Queen Victoria’s Profile, a large, naturally formed cliff-face located on a crest of Kauai’s Haupu Range bordering Kipu, was given its name many years ago, because of its resemblance to the facial profile of Queen Victoria, the queen of the United Kingdom of Great Britain and Ireland from 1837 to 1901.
But, the original name of the cliff-face is Hinaiuka — meaning Hina’s mountain — and legend has it that the profile was not created naturally, but was instead carved upon the mountain range by Hawaiians in the far distant past in likeness of a beautiful Kauai chiefess of long ago named Hina.
In those bygone days, a lovely Oahu chiefess by the name of Peleula had often heard reports of Hina’s beauty, and at last chose to sail to Kauai to see for herself if she or Hina was most beautiful.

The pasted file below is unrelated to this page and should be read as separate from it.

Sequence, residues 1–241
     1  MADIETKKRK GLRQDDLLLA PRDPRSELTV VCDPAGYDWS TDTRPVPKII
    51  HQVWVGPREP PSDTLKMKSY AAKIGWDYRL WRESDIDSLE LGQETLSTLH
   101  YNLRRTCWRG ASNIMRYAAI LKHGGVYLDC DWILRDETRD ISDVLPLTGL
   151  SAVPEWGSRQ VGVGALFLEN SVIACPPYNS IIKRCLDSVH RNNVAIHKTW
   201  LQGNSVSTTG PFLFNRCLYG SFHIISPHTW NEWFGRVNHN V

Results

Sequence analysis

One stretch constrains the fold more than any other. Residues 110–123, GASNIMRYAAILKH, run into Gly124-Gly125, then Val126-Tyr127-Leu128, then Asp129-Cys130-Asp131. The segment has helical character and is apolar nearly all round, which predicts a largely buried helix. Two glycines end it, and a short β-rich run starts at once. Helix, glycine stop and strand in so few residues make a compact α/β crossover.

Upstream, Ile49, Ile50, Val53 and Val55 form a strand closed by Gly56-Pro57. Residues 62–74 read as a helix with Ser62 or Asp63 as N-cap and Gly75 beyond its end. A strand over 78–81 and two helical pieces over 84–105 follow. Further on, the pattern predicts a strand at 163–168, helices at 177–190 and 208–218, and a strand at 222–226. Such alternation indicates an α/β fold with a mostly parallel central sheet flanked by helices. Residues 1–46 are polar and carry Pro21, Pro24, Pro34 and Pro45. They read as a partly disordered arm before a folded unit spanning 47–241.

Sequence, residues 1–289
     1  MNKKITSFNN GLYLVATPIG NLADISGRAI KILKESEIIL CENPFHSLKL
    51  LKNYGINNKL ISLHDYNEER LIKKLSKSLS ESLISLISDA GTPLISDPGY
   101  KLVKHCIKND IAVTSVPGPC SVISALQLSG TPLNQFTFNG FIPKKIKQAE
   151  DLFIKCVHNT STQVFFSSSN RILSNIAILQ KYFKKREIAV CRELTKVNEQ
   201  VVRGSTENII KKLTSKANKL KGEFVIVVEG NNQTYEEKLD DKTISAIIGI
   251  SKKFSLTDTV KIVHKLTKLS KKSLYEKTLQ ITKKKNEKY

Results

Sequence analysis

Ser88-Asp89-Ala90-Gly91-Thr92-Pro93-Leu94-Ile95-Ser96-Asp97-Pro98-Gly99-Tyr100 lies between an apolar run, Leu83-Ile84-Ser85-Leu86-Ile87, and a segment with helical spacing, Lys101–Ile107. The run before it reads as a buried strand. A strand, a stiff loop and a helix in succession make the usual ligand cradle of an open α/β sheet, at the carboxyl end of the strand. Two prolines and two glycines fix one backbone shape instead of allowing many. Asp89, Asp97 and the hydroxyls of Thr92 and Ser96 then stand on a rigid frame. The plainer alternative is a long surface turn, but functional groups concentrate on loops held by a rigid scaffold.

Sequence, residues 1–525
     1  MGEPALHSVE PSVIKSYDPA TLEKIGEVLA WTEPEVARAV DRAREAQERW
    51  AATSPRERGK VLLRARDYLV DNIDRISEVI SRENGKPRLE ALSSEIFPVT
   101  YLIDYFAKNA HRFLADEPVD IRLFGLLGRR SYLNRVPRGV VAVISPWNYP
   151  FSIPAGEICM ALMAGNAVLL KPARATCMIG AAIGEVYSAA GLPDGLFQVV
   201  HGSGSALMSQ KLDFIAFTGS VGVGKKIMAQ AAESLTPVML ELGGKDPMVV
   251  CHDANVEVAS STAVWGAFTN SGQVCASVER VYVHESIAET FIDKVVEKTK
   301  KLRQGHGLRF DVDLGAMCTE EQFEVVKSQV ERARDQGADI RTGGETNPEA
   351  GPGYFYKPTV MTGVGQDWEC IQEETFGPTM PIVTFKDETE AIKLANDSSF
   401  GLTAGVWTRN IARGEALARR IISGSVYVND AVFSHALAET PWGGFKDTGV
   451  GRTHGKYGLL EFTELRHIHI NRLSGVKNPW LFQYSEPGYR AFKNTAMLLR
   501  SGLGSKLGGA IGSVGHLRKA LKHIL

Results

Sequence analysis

When Peleula arrived on Kauai, Hina honored her with a feast at which all of Kauai’s alii attended, one of whom was a handsome, young chief admired by both chiefesses named Kahili.
Peleula and Hina then agreed to a beauty contest in which each would dress in their finest attire and dance the hula before the assembled alii.
It was also decided that Kahili would be both the judge of the contest and the winner’s prize.
Bedecked in wreaths of yellow ilima, Peleula danced first, and when she had finished, she felt assured Kahili would judge in her favor.
Then Hina danced, wearing kapa redolent with the scent of mokihana beaten into it, over which she had adorned herself with wreaths of entwined mokihana and maile.
Sweet fragrance pervaded the air as she danced enchantingly, until Peleula, not Kahili, suddenly and unexpectedly declared her most beautiful beyond compare.
Hina won her prize and her profile was then carved upon the Haupu Range as a memorial to her triumphant loveliness.